If Buffalo Sabres general manager Tim Murray had to guess, goaltender Ryan Miller would prefer not to wear the only NHL jersey he's ever played in past the March 5 trade deadline.
Speaking to reporters before the Sabres' first game since the Olympic break on Tuesday, Murray said more than two teams, but "less than 10", have inquired about the goaltender and that Miller probably wouldn't mind a fresh start.
"I don't think signing here is his first choice at his age, where we're at," he said. "We're the 30th-place team."
And although Murray says re-signing Miller is realistic, it's the club's current position at the bottom of the standings that appears to be forcing the rookie GM's hand.
"It's not the route we're looking at right now. The route we're looking at is to get value for him," he said.
After a 3-2 win over the Carolina Hurricanes in which Miller made 36 saves and had two assists, the goaltender didn't disagree with anything his general manager said.
"The things that they're going to have to do are probably going to come during the trade deadline, and maybe I'm one of them," he said. "I don't want to close anything off right now, but I know they're kind of looking around for opportunity. I think that's probably best for everybody."
The 33-year-old was selected by the Sabres in the fifth round (138th overall) of the 1999 NHL Entry Draft. He has been the team's starter for the last nine seasons.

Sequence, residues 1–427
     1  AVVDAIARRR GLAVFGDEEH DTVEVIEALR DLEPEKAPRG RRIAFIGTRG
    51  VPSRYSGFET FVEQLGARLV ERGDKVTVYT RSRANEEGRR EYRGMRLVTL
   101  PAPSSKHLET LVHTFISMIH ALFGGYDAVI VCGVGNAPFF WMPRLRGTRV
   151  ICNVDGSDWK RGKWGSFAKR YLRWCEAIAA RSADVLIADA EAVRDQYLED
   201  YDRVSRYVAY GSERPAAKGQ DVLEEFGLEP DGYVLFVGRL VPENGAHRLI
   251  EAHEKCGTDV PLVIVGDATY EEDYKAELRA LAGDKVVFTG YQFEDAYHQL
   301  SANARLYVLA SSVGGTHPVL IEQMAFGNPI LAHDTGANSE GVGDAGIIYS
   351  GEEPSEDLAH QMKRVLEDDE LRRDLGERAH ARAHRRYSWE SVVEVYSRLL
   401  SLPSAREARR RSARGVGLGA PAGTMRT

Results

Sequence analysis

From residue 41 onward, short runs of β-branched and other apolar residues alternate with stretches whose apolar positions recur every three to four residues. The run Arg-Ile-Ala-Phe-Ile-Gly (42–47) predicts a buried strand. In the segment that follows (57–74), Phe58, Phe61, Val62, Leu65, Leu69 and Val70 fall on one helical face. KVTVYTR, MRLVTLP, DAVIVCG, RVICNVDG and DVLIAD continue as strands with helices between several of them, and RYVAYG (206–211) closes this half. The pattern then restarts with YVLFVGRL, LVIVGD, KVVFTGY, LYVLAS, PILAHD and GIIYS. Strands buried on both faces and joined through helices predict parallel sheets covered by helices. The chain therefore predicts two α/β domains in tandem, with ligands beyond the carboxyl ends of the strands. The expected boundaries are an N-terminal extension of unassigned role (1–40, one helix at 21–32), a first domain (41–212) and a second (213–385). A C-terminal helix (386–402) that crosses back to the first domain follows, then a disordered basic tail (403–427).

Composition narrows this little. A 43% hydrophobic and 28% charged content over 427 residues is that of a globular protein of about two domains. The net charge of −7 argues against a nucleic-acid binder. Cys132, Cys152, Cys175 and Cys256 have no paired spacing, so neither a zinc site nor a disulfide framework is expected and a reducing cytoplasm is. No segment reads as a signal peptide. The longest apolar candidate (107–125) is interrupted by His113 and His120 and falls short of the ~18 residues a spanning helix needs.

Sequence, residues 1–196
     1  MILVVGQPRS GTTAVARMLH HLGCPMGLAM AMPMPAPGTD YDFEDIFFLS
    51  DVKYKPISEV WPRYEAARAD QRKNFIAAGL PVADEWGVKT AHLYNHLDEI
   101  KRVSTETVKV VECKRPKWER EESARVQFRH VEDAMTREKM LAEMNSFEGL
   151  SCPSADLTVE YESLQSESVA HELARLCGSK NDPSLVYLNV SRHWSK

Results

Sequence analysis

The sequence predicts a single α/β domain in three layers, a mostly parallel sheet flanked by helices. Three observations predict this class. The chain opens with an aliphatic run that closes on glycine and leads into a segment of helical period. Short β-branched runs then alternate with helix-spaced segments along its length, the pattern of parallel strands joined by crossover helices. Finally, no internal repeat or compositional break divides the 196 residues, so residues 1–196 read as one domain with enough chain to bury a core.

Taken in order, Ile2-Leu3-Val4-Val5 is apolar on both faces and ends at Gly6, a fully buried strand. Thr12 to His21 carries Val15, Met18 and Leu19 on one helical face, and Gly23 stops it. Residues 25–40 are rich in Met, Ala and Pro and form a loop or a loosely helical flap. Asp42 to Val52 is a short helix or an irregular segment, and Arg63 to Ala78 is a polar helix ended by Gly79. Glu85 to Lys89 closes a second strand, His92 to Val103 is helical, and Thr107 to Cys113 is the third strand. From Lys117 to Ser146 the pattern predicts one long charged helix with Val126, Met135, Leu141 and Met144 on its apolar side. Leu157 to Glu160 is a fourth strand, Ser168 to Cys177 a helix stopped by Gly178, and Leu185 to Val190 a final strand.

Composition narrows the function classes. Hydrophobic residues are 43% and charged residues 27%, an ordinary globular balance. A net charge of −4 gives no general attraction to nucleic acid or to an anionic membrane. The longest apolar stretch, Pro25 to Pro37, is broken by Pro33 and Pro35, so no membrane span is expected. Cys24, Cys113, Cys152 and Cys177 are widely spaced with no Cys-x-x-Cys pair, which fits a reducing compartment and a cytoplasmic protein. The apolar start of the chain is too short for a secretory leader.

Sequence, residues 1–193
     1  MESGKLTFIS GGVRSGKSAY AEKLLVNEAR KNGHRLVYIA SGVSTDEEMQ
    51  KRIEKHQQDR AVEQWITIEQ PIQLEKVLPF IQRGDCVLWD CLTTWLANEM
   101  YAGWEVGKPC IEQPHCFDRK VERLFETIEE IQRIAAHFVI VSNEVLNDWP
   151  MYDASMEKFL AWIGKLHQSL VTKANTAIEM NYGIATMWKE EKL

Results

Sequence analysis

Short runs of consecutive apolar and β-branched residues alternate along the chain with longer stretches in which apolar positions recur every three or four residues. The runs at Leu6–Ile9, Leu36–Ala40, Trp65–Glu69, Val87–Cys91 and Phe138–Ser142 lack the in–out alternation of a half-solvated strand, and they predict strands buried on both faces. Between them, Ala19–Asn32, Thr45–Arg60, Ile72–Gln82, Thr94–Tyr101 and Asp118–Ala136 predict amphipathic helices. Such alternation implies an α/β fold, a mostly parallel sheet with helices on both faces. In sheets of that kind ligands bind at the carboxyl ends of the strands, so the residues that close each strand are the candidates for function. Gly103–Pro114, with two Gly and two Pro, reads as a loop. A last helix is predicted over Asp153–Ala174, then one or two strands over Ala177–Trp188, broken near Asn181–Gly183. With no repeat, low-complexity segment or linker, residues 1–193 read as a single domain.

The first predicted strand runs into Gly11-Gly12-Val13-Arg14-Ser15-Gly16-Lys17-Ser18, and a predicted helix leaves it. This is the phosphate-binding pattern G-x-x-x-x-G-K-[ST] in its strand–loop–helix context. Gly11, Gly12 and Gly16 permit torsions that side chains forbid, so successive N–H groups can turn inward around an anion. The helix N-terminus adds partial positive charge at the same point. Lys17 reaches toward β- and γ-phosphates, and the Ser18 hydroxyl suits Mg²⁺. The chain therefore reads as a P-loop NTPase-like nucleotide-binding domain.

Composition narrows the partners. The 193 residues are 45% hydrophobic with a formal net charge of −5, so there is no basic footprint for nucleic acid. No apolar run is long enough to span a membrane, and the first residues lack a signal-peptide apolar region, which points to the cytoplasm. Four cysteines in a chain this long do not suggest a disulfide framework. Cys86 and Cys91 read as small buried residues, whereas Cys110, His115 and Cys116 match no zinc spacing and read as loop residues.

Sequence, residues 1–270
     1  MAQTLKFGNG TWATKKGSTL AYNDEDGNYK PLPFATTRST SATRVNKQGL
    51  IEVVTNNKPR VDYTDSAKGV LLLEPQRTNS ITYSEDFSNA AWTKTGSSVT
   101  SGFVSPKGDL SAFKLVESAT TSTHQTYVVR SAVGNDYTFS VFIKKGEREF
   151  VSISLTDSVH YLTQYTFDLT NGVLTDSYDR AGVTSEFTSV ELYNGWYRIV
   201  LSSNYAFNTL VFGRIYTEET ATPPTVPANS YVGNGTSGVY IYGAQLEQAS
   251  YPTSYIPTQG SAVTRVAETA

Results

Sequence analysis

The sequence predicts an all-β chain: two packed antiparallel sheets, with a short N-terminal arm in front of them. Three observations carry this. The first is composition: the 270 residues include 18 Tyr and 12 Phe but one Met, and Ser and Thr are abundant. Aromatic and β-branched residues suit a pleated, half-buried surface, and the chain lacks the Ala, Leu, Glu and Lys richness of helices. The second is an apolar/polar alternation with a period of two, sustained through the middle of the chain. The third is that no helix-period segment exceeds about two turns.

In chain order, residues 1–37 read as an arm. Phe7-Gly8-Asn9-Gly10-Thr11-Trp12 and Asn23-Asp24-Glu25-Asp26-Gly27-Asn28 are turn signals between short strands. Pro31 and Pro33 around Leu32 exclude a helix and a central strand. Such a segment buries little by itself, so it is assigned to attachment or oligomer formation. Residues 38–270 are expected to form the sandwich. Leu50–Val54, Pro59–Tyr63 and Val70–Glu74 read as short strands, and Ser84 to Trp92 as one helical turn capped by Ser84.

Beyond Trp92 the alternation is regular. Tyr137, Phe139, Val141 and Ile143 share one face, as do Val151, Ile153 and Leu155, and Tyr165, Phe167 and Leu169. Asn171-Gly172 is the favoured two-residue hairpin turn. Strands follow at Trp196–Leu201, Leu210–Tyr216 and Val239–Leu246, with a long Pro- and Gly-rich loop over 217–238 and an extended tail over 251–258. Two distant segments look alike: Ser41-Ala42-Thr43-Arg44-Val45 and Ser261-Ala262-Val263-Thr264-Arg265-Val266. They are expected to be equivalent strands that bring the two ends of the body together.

Miller is the Sabres' all-time leader among goaltenders in games played (540), wins (284) and trails only Dominik Hasek in shutouts (28).
His tenure and accomplishments in Buffalo are not lost on Murray when he fields calls from other GMs.
"Players that treat you right and have played hard for you over the years, you try to do what's best for them too, as long as it fits into what you're doing," he said.
"And by trading Ryan to a contender, a good team that maybe is lacking only his position, I think that we've certainly not done a disservice to him and we've helped the organization in our own right. Our goal, I think from both sides, is to pursue a proper trade."
A proper trade, according to Murray in "a perfect world" would give the Sabres young players a few years into their development. Murray says he doesn't necessarily want to start from scratch with draft picks, but that he will if need be.
"I don't think teams are going to bend over backwards to make life easier for us, so it's going to be the determination to be made on what the best deal is offered and if it's draft picks, it's draft picks and we'll turn them into assets and players," he said.
Another Sabre that Murray says is attracting a fair bit of attention is captain Steve Ott. Both Miller and Ott are impending unrestricted free agents.
Once again, Buffalo's dismal record has handcuffed Murray into making a decision on a player he feels could help any team.
"The way (Ott) plays the game, the way he conducts himself, that's not the type of player that I want to trade away, that's the type of players I want to bring in, he said. "It's the type of player we've been trying to bring into the teams I've been with and we're not a playoff team so that changes the dynamic, obviously."
Murray also confirmed he's had talks with interim head coach Ted Nolan about a contract extension.
"We're along that path," Murray said.
Nolan took over behind the bench in place of Ron Rolston last November.